• UW-Madison shares the news that renowned bassist and professor of jazz Richard Davis has been honored as a Jazz Master by the National Endowment for the Arts for 2014. This is considered the highest honor for a living jazz musician, and places him in some pretty elite company. Previous winners include Count Basie, Ella Fitzgerald, Dizzy Gillespie, and the Marsalis family. The Chicago-born musician, now 83, has taught at UW-Madison since 1977. A prolific sideman, he has performed and recorded in nearly every genre, and with the likes of Sarah Vaughan, Paul Simon, Louie Armstrong, Stan Getz, and Leonard Bernstein. As was noted in a fall 2011 profile in On Wisconsin magazine, for Davis (QUOTE) “it’s not just about the music and being able to identify the artists and their styles. He wants his students to learn the why behind the music.” (END QUOTE)  Recognizing his lifetime achievements and exceptional contributions to the advancement of jazz, Dr. Davis will receive a one-time award of $25,000. I should point out that Dr. Davis is also the founder of the Madison chapter of the Institute for the Healing of Racism. Congratulations to Dr. Davis, Interim Chancellor Ward, and the UW-Madison campus community.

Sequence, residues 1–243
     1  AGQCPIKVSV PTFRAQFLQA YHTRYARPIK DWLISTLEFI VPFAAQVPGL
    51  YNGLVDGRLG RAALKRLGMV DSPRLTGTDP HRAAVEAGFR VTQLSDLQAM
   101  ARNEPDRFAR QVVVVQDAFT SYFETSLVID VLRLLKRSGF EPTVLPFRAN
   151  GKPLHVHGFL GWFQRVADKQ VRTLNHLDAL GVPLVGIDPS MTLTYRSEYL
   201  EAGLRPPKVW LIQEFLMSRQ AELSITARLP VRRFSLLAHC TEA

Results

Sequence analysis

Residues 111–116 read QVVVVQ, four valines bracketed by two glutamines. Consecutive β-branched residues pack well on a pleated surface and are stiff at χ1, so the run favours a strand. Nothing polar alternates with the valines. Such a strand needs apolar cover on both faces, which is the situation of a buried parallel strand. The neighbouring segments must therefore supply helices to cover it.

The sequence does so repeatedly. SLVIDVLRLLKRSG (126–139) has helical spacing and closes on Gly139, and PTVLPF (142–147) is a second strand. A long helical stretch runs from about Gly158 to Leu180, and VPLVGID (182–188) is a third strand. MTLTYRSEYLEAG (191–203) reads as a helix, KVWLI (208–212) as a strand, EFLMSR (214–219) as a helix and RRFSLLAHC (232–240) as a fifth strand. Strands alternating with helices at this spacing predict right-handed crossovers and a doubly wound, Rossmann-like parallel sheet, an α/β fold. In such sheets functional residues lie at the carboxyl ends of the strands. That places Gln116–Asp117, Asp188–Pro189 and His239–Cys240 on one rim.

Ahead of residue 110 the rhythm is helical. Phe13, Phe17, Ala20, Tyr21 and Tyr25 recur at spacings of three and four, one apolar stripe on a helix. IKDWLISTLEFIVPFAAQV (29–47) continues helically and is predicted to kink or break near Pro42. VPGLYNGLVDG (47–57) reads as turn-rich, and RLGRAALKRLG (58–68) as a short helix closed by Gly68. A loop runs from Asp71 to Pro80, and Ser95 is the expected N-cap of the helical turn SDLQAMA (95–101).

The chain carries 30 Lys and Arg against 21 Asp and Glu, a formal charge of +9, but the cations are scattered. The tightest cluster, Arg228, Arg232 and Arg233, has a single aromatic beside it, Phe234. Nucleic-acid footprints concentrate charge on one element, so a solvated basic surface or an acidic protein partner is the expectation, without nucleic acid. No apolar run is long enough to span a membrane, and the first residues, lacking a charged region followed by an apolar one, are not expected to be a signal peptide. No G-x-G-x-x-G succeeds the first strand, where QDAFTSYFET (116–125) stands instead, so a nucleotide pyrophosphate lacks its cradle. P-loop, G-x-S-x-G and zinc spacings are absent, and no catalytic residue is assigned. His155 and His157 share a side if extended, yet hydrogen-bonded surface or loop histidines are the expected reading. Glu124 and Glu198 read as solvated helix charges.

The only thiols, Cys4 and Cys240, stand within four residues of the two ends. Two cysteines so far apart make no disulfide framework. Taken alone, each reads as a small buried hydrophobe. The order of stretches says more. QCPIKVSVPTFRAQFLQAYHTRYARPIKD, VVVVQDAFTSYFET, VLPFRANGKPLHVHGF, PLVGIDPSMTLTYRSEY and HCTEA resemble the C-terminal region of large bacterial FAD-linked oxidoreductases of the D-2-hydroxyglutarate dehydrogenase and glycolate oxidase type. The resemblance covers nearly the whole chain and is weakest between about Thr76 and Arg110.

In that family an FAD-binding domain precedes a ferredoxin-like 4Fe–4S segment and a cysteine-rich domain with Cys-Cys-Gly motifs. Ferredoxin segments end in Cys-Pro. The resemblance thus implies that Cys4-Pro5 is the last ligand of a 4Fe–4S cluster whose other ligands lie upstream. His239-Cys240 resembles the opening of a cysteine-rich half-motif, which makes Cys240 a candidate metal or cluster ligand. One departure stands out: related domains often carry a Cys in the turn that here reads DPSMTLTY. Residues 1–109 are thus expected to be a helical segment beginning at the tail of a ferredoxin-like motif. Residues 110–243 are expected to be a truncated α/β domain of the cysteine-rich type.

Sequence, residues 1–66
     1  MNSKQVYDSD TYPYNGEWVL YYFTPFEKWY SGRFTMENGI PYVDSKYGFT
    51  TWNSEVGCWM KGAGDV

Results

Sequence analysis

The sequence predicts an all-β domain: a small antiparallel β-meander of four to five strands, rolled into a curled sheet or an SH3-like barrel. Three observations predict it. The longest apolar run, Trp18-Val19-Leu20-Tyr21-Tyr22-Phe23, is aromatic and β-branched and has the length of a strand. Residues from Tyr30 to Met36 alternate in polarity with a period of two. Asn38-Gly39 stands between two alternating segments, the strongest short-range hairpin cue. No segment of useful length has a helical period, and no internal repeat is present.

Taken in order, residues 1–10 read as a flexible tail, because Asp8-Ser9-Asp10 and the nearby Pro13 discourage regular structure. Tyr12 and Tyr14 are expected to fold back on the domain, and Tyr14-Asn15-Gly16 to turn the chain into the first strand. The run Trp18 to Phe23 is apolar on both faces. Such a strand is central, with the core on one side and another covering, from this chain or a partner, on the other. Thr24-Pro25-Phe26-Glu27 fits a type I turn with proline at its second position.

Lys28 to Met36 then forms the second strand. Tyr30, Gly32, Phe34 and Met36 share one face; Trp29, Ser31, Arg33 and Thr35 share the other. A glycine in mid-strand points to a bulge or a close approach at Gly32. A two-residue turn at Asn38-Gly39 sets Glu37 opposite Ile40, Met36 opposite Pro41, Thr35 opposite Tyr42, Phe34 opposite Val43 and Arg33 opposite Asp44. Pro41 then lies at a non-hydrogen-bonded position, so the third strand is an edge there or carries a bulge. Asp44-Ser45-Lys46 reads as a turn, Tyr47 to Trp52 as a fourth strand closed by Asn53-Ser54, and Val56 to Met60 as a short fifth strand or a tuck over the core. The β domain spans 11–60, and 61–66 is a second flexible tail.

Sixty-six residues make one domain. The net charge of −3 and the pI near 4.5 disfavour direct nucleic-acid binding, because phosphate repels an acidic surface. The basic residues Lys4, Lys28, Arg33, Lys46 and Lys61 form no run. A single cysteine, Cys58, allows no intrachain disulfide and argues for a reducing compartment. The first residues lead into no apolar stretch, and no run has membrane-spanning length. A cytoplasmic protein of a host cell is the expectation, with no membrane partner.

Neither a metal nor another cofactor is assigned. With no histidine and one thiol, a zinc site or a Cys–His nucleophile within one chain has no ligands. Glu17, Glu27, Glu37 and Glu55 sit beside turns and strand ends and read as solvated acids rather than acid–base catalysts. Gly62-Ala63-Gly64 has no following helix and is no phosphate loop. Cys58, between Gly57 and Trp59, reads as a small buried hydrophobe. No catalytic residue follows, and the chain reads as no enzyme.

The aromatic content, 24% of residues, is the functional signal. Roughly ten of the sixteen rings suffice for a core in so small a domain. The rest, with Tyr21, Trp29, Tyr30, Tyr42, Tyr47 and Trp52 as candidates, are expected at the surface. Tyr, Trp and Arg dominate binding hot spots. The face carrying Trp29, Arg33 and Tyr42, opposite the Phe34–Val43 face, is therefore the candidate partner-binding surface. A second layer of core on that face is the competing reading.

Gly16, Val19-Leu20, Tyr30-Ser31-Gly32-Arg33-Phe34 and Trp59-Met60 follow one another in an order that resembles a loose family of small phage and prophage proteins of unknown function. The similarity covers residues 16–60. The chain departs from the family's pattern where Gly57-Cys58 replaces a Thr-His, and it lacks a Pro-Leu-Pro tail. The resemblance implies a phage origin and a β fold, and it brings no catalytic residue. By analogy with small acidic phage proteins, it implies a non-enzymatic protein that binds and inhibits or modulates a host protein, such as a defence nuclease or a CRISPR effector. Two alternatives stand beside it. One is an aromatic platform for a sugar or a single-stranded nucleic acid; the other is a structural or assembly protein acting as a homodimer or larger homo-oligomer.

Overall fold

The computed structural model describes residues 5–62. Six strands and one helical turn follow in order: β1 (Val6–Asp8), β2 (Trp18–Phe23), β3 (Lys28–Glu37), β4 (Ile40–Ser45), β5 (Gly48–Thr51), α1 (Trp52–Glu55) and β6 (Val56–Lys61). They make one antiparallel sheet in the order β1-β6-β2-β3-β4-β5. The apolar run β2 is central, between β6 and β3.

• UW-Eau Claire’s Women’s and LGBTQ Resource Center recently received the Organization of the Year Award from the Fair Wisconsin Education Fund. Fair Wisconsin is an organization whose mission is to educate the public about the harms of discrimination toward LGBT individuals and to build more inclusive communities and workplaces for members of the LGBT community in the state. Christopher Jorgenson, the Center’s coordinator, said receiving the Organization of the Year Award is important because it shows people that UW-Eau Claire is growing and becoming a safe place for the LGBTQ community and its allies. He added that the award is also validation that the work being done on the Eau Claire campus is supporting the vision of the UW System’s Office of Equity, Diversity and Inclusion, which is to “transform the UW System into a higher education community that represents, reflects, respects, and values diverse persons, voices, and perspectives of Wisconsin.” “We are living out that vision and transforming the initiative into actual work,” Jorgenson said. Congratulations to Chancellor Schmidt and the UW-Eau Claire campus.